The walkway was made on its own initially, but as you can see, it’s taken quite a beating – not only from the foot traffic, but the elements as well. If you take a look at the gallery you’ll see the state it was in prior to the reforming, but I think it’s pretty safe to say that a roof and new walls was something that could only benefit those utilizing the walkway.
I picked teak for the stain color, and I was pretty happy with the way it turned out. Although the color of the walkway is different from that of the walls and rafters, because the walkway is so beat up, it’s not very obvious. Having said that, I added the walls in such a way that the walkway boards can be replaced if need be in the future.
The two porch lights add an ambient feel to the area, making it a place where people can just hang out as well. The walkway is wide enough to where someone can even sit – say at a small coffee table – on one side and a person can still pass by comfortably. As far as the roof and why it doesn’t cover the entire walkway, I wanted to strike a balance between providing shelter from rain but not cut off too much light from the rooms.
The walls are all done with 15mm tongue and groove boards painted with the teak stain. For those who have experience with tongue and groove, you’ll probably know that they can each differ slightly in height (or width, depending on how you look at it), often making it difficult to line them up precisely. If there are windows or doors and you’re installing them horizontally, this problem is magnified.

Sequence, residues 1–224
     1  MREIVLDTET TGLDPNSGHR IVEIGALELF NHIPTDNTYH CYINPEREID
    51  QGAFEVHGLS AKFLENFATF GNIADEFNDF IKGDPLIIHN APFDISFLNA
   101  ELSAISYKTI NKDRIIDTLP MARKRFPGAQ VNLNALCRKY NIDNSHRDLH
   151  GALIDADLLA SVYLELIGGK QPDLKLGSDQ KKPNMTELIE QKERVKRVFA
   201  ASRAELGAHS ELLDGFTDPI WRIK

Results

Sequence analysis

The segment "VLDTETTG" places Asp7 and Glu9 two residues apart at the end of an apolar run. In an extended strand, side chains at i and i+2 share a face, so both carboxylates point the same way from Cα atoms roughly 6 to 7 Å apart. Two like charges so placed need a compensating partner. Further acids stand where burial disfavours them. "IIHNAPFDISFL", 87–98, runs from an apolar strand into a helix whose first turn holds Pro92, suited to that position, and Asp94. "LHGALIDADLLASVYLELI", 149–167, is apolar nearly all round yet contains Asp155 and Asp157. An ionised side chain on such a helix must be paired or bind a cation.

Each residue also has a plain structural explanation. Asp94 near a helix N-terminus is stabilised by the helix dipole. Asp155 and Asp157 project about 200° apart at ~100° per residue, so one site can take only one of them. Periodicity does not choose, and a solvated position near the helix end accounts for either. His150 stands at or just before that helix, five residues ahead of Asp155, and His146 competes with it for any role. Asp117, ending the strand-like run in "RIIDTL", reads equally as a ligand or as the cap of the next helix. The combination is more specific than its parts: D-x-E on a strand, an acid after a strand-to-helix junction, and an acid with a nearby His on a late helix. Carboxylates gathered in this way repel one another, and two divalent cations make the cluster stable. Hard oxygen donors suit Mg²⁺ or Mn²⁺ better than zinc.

Clean and precise alignment of the tongue and groove joints requires unbroken rows whose joints can be nailed to accuracy. The problem arises when there’s a window or door where the lower rows are broken but then rejoin above the window or door frame. Getting both sides to step up in the exact same increments when the boards often differ slightly in height can be nothing short of a nightmare.
To add insult to injury, if the horizontal section at the top of the door frame isn’t exactly level, this will also throw off your measurement – if you happened to be using it as a reference point to ensure your boards were stepping up in equal increments. All this to say, tongue and grooving is not a perfect science, and I believe it can never really be done perfectly.
Your best bet – and what in fact divides the pros from the amateurs – is to conceal any errors and flaws by way of ingenius and crafty ruses. This goes for many areas of carpentry and woodworking. The idea isn’t necessarily to make something perfect (although if you can, more power to you), but to more importantly make it so that whatever flaws there are, they aren’t noticeable.
These methods of which I speak can be as simple as strategically tucking the mistake above a protruding window or door frame where unless you walk around on stilts all day, you won’t be able to see it. A lot depends on what kind of geometry you have to aid you. If you only have a wide stretch of wall, you won’t have anything to help you hide mistakes, but then again, these are the easiest kinds of walls to do.
- Check out my gallery featuring lots of detailed shots of my project.